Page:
Although the use of digital payments has dramatically increased, some everyday scenarios still call for the use of monetary notes. You could occasionally receive a note that is dirty or ripped from an ATM, a bulk payment, or somewhere else. Some attempt to employ them in these circumstances by concealing themselves in a note bundle or a nearby vegetable market where everyday transactions are in motion.
However, not many people are aware that damaged currency notes may be exchanged through India’s banking system. In this regard, the Reserve Bank of India has set explicit rules. The RBI has outlined several forms of damage to currency notes and the procedure to replace them under the facilities for exchange of dirty and mutilated currency notes.
How can I exchange soiled currency in a bank?
Notes that have been cut and turned filthy are referred to as soiled notes. Additionally, notes with numerals on both ends and denominations of Rs. 10 and higher that are in two parts are classified as dirty notes.
Exchanging of soiled notes :
However, the cut in such notes wasn’t supposed to go through the number panels. All of these notes can be exchanged at the counters of any public sector bank branch, any private sector bank’s currency chest branch, or any RBI issue office. There is no form to complete in order to accomplish this.
How are damaged money notes exchanged?
Exchanges are also permitted for notes that are incomplete or lack critical components. Name of the issuing body, guarantee, commitment clause, signature, Ashoka Pillar insignia, Mahatma Gandhi image, and watermark are the essential components of a currency note.
Replacement of damaged currency notes :
However, the RBI (Note Refund) Rules are followed while paying the refund value of these notes. These can also be exchanged at the counters of any branch of a public sector bank, any branch of a private sector bank that operates a currency chest, or any issue office of the RBI without having to fill out any paperwork.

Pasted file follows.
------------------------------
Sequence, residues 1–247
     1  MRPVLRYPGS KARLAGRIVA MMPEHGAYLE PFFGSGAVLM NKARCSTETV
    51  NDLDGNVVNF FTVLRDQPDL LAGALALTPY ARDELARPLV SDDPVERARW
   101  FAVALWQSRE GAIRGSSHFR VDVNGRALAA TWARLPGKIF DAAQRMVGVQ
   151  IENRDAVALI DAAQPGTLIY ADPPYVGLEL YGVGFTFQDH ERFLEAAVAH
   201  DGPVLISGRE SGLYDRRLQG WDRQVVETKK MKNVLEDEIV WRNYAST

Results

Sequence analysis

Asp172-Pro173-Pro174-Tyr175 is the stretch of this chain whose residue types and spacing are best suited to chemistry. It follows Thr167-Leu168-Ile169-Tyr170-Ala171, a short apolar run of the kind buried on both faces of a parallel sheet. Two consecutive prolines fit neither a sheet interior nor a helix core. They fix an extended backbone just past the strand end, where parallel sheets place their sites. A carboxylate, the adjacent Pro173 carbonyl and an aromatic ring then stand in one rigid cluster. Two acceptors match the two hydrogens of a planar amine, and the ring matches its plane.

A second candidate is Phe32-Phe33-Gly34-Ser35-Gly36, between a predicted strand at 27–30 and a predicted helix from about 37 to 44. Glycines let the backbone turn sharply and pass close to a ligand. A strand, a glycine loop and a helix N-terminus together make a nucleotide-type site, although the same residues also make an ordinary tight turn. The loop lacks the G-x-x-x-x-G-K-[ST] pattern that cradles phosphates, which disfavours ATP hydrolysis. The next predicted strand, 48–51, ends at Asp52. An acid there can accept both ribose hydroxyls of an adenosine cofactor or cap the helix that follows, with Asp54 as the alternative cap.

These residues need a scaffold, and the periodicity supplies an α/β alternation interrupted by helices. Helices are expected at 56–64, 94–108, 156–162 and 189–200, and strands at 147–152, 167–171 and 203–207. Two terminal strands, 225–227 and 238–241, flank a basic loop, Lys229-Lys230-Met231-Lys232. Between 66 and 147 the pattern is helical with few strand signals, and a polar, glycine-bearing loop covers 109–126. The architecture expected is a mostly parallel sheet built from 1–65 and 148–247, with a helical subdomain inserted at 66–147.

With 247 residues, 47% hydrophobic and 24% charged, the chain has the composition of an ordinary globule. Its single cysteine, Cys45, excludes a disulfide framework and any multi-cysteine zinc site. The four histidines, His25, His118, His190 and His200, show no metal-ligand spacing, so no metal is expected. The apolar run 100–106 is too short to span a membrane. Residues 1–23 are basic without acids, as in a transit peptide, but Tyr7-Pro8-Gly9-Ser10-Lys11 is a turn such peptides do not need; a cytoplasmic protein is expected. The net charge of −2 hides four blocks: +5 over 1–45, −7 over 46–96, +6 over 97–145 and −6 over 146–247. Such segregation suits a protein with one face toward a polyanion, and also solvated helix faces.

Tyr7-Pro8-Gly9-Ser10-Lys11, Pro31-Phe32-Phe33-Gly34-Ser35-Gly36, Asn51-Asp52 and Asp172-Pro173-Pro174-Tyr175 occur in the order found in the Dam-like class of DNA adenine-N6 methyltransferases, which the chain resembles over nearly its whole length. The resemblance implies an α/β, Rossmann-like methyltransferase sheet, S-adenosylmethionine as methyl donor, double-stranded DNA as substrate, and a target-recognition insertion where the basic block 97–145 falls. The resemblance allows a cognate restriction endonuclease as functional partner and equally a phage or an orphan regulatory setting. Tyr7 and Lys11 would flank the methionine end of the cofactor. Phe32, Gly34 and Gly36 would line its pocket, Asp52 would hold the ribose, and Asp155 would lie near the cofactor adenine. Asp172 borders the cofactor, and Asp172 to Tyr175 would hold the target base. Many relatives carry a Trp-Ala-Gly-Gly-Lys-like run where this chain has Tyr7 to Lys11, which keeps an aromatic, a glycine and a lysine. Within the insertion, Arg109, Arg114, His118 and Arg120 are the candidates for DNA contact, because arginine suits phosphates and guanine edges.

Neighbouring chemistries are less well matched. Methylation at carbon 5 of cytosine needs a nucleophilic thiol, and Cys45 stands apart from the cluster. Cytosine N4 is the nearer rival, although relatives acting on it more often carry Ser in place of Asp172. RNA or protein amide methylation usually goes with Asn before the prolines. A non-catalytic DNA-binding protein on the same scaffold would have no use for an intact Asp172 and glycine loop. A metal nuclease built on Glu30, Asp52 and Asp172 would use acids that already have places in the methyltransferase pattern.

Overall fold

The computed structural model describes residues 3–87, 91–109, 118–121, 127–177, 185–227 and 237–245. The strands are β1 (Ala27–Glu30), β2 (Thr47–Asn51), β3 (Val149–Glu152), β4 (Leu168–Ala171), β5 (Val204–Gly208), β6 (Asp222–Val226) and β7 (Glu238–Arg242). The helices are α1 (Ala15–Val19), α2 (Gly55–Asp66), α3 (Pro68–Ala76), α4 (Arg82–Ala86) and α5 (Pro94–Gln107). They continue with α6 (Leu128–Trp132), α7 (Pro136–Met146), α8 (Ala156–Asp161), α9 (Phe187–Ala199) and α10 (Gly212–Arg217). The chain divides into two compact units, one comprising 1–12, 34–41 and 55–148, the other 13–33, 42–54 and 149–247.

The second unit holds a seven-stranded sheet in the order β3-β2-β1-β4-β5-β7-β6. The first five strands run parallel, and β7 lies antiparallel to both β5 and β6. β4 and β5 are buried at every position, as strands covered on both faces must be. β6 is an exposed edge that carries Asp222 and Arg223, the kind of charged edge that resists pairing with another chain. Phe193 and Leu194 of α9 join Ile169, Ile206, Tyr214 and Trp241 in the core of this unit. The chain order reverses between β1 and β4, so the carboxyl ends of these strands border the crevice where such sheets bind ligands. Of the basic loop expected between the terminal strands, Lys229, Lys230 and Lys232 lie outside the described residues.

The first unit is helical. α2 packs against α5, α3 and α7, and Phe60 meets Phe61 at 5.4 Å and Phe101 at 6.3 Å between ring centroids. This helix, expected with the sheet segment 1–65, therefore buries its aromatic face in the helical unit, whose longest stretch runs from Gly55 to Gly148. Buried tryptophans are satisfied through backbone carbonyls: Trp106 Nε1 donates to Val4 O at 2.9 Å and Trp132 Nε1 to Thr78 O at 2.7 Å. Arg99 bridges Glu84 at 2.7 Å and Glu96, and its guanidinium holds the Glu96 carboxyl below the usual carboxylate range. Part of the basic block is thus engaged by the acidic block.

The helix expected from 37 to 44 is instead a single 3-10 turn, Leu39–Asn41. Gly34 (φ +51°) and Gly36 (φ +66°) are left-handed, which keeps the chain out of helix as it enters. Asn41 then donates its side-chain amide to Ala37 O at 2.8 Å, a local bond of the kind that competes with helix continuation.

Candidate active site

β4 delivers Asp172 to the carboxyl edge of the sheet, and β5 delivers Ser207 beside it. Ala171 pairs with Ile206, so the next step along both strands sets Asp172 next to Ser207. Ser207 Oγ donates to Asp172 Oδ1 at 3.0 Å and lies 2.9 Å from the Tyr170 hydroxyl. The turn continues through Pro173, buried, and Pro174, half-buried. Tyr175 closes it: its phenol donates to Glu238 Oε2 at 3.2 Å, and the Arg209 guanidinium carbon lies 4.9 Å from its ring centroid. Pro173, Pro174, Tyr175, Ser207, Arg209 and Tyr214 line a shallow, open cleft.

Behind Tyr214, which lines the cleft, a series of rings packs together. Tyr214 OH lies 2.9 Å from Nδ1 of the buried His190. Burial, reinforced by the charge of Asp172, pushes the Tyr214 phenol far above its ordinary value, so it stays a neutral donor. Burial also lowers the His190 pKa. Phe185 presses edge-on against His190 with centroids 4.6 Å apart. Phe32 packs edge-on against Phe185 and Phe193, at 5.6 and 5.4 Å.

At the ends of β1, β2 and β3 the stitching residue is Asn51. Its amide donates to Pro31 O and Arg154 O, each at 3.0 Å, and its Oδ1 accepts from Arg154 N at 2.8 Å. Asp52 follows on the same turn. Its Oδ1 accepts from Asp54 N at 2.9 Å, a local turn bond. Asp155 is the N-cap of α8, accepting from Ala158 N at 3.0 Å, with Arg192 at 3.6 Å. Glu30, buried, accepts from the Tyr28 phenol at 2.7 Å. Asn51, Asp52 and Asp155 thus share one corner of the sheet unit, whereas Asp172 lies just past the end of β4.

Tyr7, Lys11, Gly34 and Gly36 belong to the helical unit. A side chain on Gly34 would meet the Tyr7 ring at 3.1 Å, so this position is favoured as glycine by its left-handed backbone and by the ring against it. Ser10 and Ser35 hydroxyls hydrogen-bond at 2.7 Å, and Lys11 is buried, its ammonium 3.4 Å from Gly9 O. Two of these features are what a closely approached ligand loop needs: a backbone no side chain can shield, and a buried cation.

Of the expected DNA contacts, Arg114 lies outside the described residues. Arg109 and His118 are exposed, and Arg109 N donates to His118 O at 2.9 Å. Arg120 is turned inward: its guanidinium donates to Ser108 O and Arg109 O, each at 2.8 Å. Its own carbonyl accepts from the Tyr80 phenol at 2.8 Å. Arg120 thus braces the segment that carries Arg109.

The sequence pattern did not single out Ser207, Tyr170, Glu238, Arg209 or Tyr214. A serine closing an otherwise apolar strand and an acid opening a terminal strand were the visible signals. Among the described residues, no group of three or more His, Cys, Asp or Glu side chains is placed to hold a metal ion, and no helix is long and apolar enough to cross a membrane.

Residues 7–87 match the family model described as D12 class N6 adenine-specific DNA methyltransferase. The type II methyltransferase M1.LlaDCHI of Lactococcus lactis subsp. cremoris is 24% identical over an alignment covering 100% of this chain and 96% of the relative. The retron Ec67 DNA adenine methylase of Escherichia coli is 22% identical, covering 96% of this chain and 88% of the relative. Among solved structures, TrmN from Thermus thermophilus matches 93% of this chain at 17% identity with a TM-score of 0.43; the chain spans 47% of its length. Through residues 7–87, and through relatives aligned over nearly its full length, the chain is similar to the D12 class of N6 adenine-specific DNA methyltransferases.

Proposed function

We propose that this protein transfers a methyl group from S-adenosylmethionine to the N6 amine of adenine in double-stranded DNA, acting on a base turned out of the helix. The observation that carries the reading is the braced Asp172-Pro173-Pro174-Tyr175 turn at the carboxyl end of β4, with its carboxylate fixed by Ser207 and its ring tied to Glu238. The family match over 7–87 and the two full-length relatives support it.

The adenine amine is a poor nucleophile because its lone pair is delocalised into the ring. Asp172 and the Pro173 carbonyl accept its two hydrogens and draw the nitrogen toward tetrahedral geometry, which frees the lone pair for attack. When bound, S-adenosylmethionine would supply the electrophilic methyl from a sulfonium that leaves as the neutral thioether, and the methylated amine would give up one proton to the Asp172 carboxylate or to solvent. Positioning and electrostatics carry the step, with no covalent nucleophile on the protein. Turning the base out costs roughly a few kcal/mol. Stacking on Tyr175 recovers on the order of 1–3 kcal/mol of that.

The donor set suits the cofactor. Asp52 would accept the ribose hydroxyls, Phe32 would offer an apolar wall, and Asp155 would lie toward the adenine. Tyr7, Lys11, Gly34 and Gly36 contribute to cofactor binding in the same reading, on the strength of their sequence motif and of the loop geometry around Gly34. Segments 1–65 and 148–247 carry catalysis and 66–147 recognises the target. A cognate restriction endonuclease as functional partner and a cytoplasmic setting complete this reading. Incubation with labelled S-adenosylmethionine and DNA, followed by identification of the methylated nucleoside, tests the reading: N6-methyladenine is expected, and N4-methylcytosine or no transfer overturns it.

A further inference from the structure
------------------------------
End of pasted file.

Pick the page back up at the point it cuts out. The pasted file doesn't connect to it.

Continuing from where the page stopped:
Other exchange facilities
Triple Lock Receptacle (TLR) :
To make exchanging damaged notes easier for the public, TLR (Triple Lock Receptacle) covers are also available. People can get a TLR cover from the Reserve Bank’s Enquiry Counter, insert their notes in it, fill in the columns on the cover with information like their name, address, the denominations of the notes they’re depositing, etc., close the cover, and deposit it in a Triple Lock Receptacle box in exchange for being given a paper token.
At each Reserve Bank issuance office, this box is stored beside the inquiry desk. A bank draught or a pay order will be used to transfer the mutilated notes’ acceptable exchange value. Notes that have been tampered with may also be forwarded by registered or insured mail to any RBI office.
Notes that are severely tarnished, fragile, or burned :
Only at the RBI’s issuance office are notes that are able to be replaced if they are highly dirty, brittle, or burned and cannot sustain regular handling.
intentionally cut out notes
If offered for payment of exchange value, notes that are discovered to be intentionally cut, damaged, changed, or tampered with will be refused. The RBI has argued that even though it is impossible to define deliberately cut notes with absolute precision, a close examination of such notes will unmistakably show any deliberate fraud intention, as the way in which such notes are mutilated will follow a broad uniformity in the shape/location of missing portions of the notes, especially when the notes are tendered in large quantities.
Small amounts of notes: If a person presents up to 20 pieces of notes totaling a maximum value of Rs 5000 per day, banks should exchange these over the counter at no cost. Bulk notes presented: If a person presents more than 20 pieces of currency or Rs. 5000 in value every day, banks may accept them as payment in exchange for subsequently crediting the amount. Banks may impose service fees.
RBI locations that offer exchange services :
The services are offered at the RBI’s regional offices’ counters in Ahmedabad, Bangalore, Belapur (Navi Mumbai), Bhopal, Bhubaneswar, Chandigarh, Chennai, Guwahati, Hyderabad, Jaipur, Jammu, Kanpur, Kolkata, Lucknow, Mumbai, Nagpur, New Delhi, Patna, and Thiruvananthapuram, as well as a currency chest run by the Bank in Kochi.